Air and Water Contributions to Polar Motion Excitation
Modern space-geodetic observations show that the Earth’s polar motion occurs over a broad range of frequencies from below the Chandler frequency at fractions of a cycle per year (cpy), up to tens of cycles per year. Across this entire frequency band, the excitation sources for polar motion are only partially understood. Several studies have confirmed that meteorological effects, especially air mass redistribution, are correlated with observed polar motion within various frequency bands,(Wilson and Haubrich, 1976a, Wahr, 1982a, Eubanks et al, 1989), but the correlation has been imperfect, and the variance of observed air and water motion insufficient, suggesting that additional unknown sources must exist This paper reviews the studies of the contributions of air and water redistribution to polar motion excitation, with particular attention to estimates of the effects of continental water storage variation. Additional details are presented by Kuehne (1989). Because water can be stored on land in many forms, including ground water, ice, vegetation, and soil moisture, the estimates of water storage effects are difficult to obtain, but the general order of magnitude can be inferred from the widely available records of precipitation, in combination with other data and reasonable assumptions about climatological variation. The magnitude of the estimates suggests that continental water storage does not account for the unexplained portion of polar motion. A discrepancy in polar motion excitation persists over a broad band of frequencies including the annual frequency, where air and water are the certain cause. This implies that there are additional polar motion excitation sources in the atmosphere and oceans which remain unidentified.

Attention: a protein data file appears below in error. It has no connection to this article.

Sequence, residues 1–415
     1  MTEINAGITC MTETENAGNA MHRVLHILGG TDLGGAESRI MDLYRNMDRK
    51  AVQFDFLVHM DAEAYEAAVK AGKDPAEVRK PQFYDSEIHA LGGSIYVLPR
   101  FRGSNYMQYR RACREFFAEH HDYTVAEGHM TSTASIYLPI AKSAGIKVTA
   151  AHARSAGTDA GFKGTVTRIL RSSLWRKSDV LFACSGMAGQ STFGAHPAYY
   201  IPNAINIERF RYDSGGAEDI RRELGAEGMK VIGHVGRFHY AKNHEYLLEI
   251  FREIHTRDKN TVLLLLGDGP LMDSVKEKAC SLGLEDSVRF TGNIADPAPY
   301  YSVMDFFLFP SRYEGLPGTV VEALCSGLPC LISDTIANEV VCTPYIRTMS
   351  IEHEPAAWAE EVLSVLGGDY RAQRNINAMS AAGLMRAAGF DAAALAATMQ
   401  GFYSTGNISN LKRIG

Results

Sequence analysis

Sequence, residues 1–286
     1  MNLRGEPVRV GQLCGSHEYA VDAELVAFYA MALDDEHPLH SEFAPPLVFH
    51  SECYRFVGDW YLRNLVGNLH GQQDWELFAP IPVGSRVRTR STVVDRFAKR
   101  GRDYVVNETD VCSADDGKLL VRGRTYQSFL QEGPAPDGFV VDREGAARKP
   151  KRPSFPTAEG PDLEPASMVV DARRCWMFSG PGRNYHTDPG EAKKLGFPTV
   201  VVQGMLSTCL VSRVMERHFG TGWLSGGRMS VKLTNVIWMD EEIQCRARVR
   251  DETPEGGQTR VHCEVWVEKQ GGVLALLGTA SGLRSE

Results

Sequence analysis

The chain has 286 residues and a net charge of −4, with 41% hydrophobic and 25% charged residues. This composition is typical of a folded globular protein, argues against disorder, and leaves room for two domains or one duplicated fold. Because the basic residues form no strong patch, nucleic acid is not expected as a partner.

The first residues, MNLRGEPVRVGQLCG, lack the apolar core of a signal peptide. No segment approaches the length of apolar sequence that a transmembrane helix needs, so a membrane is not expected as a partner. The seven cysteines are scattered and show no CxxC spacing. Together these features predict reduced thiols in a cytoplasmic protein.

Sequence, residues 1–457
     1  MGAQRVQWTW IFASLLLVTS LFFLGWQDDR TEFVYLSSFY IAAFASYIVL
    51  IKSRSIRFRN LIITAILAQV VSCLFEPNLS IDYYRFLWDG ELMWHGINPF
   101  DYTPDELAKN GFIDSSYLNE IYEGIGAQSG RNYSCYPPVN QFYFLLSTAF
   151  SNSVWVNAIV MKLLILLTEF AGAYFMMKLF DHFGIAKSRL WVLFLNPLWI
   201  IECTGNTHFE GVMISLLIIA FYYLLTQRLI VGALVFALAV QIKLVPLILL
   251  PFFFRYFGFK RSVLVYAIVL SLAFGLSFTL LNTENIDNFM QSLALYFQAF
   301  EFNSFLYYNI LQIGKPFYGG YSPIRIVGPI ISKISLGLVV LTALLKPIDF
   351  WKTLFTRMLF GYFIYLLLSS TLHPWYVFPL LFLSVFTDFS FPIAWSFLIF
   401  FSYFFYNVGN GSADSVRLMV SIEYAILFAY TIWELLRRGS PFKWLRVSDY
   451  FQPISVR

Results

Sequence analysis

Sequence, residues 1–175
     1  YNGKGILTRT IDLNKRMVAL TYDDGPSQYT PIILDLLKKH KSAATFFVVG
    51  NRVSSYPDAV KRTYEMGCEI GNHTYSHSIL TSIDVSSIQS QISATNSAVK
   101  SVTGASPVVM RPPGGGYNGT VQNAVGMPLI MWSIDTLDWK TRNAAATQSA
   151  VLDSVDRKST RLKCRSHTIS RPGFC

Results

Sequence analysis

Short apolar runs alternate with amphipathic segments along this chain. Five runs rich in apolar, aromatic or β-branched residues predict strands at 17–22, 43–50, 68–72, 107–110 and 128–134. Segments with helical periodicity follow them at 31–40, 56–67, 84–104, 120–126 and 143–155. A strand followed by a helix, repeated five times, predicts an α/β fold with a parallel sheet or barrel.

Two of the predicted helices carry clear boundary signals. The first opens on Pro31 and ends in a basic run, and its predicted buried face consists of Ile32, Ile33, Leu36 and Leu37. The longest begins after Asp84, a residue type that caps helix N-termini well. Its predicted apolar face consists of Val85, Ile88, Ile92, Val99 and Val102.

KeywordsWater Storage Very Long Baseline Interferometry Polar Motion Annual Frequency Fourier Power Spectrum
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